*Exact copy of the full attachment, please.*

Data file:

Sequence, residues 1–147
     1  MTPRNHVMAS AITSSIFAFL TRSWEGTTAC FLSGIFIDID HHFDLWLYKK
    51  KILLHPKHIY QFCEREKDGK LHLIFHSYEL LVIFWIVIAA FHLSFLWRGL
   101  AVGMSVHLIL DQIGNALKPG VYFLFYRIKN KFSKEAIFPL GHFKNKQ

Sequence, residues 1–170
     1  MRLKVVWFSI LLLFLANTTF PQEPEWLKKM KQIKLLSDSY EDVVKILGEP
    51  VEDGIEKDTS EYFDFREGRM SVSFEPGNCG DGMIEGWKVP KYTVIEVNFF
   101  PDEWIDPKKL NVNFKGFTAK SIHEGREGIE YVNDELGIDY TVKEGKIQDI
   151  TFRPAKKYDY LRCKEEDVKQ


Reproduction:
Sequence, residues 1–147
     1  MTPRNHVMAS AITSSIFAFL TRSWEGTTAC FLSGIFIDID HHFDLWLYKK
    51  KILLHPKHIY QFCEREKDGK LHLIFHSYEL LVIFWIVIAA FHLSFLWRGL
   101  AVGMSVHLIL DQIGNALKPG VYFLFYRIKN KFSKEAIFPL GHFKNKQ

Sequence, residues 1–170
     1  MRLKVVWFSI LLLFLANTTF PQEPEWLKKM KQIKLLSDSY EDVVKILGEP
    51  VEDGIEKDTS EYFDFREGRM SVSFEPGNCG DGMIEGWKVP KYTVIEVNFF
   101  PDEWIDPKKL NVNFKGFTAK SIHEGREGIE YVNDELGIDY TVKEGKIQDI
   151  TFRPAKKYDY LRCKEEDVKQ